New restaurateurs need to explain their concept and guide first-time customers through the process and the menu. When we arrived, we stood like dolts, unsure what to do in the long absence of any employee in the dining room. The co-owner appeared, only to give us a squinty-eyed gesture to sit down. Long lags between dishes, almost no check-backs, an imperious tone when explaining a menu item — these are the kinds of things that make for a short-lived restaurant in South Tampa, even when the chocolate croissants are dreamy. (3301 S Dale Mabry Highway, Tampa; (813) 835-8045)

The redundant

Vue, a gargantuan restaurant on the first floor of One Progress Plaza with the nightclub Vue 19 pulsing 19 floors above, closed amid litigation, accusations and turmoil last August. The sparsely patronized sushi bar reopened under new ownership in March as Patanegra, a Spanish tapas bar. It is two short blocks from the long-established Ceviche, with a very similar menu of hot and cold tapas and a painfully identical lineup for Tapas Tuesday.

On a recent Tuesday I recognized two things: 1) There is a lot of competition these days downtown for discounted sangria, and 2) A cavernous, open-kitchen restaurant designed for sushi doesn't have the hood system necessary to corral grease smells in a frying-intensive environment. After dinner in the nearly empty dining room my clothes reeked of fry oil. Not a deal-breaker if the croquetas, fried calamari and patatas bravas are memorable, but these weren't. It's a pretty restaurant, and dishes like albondigas and beverages like the coquito (a Puerto Rican egg nog-ish cocktail with rum and coconut milk) are worthwhile, with pleasant, if sometimes too loud, live music on the patio. But are these things enough in this densely competitive environment? (200 Central Ave., St. Petersburg; (727) 201-9664)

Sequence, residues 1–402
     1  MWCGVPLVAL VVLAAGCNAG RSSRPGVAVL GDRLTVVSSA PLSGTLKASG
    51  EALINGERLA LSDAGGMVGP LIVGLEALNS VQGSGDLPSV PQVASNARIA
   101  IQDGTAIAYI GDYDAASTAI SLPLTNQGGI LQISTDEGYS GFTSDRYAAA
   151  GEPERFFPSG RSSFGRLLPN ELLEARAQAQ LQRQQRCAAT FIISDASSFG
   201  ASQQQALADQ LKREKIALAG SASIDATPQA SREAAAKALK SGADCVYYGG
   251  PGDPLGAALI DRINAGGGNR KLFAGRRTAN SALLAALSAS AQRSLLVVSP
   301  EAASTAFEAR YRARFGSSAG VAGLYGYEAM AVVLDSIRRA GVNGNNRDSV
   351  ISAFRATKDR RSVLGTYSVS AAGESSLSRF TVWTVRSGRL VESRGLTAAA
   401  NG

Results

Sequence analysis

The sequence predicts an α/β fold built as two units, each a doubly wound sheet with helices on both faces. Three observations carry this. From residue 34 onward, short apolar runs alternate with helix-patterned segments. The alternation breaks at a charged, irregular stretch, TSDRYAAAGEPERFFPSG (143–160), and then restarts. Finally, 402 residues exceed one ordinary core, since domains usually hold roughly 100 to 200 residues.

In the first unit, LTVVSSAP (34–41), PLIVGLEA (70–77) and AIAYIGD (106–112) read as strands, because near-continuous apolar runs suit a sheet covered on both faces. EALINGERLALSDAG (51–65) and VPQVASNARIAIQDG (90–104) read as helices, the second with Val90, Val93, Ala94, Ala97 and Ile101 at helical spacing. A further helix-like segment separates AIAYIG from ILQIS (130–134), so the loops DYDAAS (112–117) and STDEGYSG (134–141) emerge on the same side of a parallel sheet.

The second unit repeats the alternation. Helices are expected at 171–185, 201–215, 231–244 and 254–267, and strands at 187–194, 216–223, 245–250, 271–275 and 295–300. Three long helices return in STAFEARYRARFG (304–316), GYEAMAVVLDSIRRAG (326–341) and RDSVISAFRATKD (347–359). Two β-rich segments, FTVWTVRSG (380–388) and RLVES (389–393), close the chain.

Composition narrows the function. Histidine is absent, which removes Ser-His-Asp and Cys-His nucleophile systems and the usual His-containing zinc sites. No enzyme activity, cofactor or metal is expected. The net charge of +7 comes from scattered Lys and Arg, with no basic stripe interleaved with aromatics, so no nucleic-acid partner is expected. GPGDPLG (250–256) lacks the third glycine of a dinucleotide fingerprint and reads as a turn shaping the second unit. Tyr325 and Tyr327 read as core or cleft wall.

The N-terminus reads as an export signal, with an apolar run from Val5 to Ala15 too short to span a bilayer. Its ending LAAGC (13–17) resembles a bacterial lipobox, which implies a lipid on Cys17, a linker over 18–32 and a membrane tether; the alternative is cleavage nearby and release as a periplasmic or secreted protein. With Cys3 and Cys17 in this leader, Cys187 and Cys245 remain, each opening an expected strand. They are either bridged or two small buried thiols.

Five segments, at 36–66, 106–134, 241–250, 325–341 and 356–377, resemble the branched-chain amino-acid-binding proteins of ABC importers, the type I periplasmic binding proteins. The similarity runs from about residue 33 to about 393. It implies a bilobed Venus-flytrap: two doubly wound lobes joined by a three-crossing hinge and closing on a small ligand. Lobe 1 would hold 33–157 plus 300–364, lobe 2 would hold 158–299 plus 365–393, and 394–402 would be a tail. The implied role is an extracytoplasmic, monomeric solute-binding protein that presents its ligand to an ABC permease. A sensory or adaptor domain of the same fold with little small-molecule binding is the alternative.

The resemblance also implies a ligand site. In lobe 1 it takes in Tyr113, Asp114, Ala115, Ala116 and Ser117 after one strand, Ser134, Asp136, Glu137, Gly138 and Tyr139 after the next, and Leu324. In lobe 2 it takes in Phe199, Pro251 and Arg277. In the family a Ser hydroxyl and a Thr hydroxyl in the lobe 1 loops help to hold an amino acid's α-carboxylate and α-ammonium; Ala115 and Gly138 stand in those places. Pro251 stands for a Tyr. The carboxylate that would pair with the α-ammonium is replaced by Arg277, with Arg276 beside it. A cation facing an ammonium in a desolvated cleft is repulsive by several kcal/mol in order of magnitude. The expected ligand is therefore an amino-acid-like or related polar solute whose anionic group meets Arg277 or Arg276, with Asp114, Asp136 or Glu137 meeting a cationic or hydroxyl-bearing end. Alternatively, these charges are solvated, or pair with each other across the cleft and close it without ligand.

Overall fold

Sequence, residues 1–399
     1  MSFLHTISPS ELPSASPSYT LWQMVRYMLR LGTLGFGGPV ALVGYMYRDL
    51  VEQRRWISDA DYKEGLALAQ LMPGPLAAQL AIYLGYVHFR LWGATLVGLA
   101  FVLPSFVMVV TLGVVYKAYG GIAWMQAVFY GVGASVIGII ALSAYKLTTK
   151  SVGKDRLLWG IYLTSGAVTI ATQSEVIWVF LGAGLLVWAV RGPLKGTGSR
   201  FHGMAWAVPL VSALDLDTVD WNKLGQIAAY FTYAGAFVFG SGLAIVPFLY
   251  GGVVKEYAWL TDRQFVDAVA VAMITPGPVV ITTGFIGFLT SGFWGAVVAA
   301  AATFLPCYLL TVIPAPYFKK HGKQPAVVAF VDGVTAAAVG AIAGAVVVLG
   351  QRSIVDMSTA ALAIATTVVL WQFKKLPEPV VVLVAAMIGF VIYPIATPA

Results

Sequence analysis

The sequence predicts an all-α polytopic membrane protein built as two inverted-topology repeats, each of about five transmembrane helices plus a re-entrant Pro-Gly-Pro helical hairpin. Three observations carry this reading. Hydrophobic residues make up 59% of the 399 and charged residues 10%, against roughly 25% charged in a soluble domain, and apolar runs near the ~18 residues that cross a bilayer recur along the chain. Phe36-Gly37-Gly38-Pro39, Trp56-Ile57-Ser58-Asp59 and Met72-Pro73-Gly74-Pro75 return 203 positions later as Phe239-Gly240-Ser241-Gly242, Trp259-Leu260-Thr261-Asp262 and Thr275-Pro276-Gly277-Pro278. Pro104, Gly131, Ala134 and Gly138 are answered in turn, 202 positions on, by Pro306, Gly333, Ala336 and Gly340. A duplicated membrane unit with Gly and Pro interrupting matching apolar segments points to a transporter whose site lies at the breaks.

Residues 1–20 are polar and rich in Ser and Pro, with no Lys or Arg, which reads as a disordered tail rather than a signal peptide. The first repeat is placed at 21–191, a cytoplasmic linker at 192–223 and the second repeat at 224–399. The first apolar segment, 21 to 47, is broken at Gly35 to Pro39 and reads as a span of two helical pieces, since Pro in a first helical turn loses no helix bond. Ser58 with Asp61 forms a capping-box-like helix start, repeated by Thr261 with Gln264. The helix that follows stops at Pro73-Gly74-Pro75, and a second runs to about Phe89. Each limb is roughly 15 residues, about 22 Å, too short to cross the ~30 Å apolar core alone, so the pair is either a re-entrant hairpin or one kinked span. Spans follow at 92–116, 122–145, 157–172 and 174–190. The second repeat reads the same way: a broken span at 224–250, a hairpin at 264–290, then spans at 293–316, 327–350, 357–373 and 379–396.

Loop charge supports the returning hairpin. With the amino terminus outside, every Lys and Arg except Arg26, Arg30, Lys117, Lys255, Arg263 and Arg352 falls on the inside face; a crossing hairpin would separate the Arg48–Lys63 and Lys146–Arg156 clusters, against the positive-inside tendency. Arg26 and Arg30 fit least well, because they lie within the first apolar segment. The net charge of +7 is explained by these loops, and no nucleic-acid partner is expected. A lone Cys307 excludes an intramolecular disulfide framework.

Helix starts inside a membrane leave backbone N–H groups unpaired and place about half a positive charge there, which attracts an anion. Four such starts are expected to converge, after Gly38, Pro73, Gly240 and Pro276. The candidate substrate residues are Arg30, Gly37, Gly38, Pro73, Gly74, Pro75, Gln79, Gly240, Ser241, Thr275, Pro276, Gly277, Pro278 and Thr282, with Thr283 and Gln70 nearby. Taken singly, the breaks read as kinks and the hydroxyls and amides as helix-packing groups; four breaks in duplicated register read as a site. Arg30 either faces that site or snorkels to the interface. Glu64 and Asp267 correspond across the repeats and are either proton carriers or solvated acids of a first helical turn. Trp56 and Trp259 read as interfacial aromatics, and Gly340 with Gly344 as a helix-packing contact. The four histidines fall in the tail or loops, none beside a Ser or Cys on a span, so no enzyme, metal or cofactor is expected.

The creepy

When your eyes adjust, you see the smiling face of Carol Burnett. She must have eaten at this 40-year-old Gulfport original at some point. But then what explains the Virgin Mary sculptures everywhere, or the banks of all-seeing glass-eyed teddy bears? There are lacy doilies and murals and fake flowers and turgid oil paintings. La Cote Basque Winehouse has a "nothing succeeds like excess" decorating credo. (Elaborate menorah? Check. Dangling grape clusters near the pope effigy? Got it.)

With a menu that scoots among French, German and Austrian, it may be one of the Tampa Bay area's very last Continental restaurants, a term that used to be synonymous with "fancy" and "date night."